One example of an MCLK supply circuit 35 that generates the clock signal MCLK is shown in FIG. 2. This MCLK supply circuit 35 is supplied with the PCLK signal, a CLKSTP signal from the PU 2 that permits the halting of the outputted clock, and a VUWAIT signal from the VU 1 that also permits the halting of the outputted clock. The MCLK supply circuit 35 has a gate circuit 35 a that computes a NAND for the CLKSTP signal and the VUWAIT signal, a latch circuit 35 b that latches the output of the gate circuit 35 a, and a gate circuit 35 c that generates the MCLK signal from the PCLK signal and supplies the MCLK signal to the PU 2 when the CLKSTP signal and the VUWAIT signal are not both at a high level. The latch circuit 35 b may be a flip-flop, though it is preferable to use a latch circuit that has a small gate size and a margin being able to set as the setup time of the D input. The clock input is set as the inverse of the PCLK signal, so that the delay cycle (overhead) of the halting and restarting of the MCLK signal is eliminated, and the generation of clock noise (“spikes”) when both clocks are stopped and the omission of rising edges when the supplying recommences are prevented. This is also the case with the other clock supply circuits shown below.

Accordingly, when any one of the CLKSTP signal and the VUWAIT signal is at a high level, the MCLK signal is not outputted from the MCLK supply circuit 35, and the PU 2 that is the processor core of VUPU 10 enters a halted state where the PCLK signal is supplied only to the interrupt/reset detecting circuit 12 that senses interrupts and reset signals only, thereby reducing the power consumed by the PU 2.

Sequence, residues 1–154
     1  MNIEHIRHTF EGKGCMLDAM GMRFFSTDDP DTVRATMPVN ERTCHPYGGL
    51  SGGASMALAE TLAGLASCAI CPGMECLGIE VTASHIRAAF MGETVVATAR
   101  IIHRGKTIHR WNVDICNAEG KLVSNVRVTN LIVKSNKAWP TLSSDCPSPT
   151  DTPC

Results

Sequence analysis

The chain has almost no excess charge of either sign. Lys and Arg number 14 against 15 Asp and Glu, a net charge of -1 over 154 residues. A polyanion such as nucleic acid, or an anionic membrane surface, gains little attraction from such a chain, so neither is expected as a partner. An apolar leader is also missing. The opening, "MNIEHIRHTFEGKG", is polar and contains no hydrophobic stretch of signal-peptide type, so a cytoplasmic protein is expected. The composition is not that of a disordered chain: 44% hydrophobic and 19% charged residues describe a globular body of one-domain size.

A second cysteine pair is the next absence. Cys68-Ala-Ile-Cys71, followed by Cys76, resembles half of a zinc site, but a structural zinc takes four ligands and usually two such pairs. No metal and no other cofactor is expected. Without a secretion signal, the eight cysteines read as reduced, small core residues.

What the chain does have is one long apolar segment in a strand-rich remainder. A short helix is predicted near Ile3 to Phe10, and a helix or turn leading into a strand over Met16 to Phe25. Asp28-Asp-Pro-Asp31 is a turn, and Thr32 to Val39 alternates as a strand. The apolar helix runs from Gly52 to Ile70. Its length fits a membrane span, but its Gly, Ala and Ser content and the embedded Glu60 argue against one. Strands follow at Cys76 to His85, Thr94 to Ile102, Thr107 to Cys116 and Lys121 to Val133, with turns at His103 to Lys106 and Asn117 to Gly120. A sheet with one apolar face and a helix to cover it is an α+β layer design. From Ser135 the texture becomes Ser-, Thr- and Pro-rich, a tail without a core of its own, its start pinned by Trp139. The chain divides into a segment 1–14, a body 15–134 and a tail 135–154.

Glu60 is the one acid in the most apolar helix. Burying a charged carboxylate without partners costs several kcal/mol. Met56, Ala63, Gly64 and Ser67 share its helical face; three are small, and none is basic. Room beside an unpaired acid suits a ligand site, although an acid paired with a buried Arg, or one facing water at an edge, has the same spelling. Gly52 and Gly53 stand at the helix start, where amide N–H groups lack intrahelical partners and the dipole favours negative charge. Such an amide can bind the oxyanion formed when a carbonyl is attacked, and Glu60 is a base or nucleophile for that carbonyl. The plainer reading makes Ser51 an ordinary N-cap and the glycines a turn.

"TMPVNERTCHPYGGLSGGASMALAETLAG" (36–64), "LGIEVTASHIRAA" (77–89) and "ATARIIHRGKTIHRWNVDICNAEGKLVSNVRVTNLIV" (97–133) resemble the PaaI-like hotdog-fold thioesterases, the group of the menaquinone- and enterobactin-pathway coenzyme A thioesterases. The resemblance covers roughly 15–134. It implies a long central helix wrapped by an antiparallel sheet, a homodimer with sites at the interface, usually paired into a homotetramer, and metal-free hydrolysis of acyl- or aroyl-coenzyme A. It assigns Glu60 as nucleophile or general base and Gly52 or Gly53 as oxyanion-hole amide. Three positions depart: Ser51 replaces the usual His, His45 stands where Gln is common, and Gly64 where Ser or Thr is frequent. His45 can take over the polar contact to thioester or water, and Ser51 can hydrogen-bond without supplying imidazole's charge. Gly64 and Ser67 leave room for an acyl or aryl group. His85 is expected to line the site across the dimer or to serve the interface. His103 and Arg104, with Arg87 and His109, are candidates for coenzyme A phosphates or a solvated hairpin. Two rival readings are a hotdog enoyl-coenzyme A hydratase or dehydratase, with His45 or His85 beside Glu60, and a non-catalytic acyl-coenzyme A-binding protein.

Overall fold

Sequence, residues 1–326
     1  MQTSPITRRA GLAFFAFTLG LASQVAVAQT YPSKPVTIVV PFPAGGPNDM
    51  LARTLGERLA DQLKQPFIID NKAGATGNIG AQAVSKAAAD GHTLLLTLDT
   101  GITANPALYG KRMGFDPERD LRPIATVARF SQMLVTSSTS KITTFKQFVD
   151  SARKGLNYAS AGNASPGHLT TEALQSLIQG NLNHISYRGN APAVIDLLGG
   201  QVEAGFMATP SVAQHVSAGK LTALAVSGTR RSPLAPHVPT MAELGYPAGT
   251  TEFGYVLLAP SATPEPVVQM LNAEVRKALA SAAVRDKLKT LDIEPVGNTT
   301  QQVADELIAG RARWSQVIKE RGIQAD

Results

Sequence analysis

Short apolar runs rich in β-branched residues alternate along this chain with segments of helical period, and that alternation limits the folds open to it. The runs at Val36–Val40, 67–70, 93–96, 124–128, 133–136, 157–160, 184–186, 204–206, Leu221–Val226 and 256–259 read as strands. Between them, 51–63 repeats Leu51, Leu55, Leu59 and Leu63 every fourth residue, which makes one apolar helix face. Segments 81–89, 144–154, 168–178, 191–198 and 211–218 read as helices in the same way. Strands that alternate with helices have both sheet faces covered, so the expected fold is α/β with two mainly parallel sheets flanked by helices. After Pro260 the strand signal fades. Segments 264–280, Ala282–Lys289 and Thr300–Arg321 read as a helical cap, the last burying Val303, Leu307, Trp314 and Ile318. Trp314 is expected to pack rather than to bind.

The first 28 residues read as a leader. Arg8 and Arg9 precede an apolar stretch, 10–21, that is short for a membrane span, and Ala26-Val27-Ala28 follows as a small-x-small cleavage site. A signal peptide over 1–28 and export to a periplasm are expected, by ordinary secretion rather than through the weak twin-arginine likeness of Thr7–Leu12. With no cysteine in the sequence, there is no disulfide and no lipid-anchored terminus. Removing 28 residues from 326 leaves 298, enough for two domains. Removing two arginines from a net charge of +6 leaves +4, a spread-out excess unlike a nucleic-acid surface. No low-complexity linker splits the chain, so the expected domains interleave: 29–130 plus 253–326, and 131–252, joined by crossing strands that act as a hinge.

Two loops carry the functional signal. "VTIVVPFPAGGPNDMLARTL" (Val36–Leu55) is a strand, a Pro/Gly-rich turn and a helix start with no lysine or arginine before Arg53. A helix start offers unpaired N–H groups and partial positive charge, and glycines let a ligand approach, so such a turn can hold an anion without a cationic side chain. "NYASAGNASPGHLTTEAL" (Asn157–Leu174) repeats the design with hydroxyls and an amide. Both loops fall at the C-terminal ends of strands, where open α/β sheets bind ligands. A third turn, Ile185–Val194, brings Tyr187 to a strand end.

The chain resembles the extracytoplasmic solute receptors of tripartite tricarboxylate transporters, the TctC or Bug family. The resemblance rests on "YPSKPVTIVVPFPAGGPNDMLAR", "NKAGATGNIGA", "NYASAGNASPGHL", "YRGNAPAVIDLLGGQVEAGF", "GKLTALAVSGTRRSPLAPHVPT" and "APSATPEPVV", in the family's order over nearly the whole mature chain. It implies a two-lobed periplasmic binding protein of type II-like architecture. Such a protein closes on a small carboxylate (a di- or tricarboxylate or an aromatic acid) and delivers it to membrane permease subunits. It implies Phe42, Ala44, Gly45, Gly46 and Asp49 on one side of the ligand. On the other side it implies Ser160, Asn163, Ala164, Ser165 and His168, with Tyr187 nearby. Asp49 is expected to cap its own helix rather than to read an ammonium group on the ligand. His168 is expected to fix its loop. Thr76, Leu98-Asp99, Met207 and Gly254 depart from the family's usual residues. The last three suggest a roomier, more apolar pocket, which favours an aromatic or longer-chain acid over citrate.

The CLKSTP signal is a signal that enables a stopping of the clock signal and is set at on by a HALT instruction for the PU 2. The execution unit 11 (PU 2) includes a HALT state managing circuit (a first clock managing function unit) 11 a that interprets a HALT instruction that has been fetched from the program 3 and supplied by the FU 5 and outputs the CLKSTP signal when the HALT instruction has been identified. Accordingly, when a programmer identifies that the PU is not operating and is waiting for an interrupt, the programmer can insert a HALT instruction into the program so as to turn on the CLKSTP signal and set the PU 2 in the HALT state, thereby suppressing the power consumption of the PU 2 while the PU is not operating.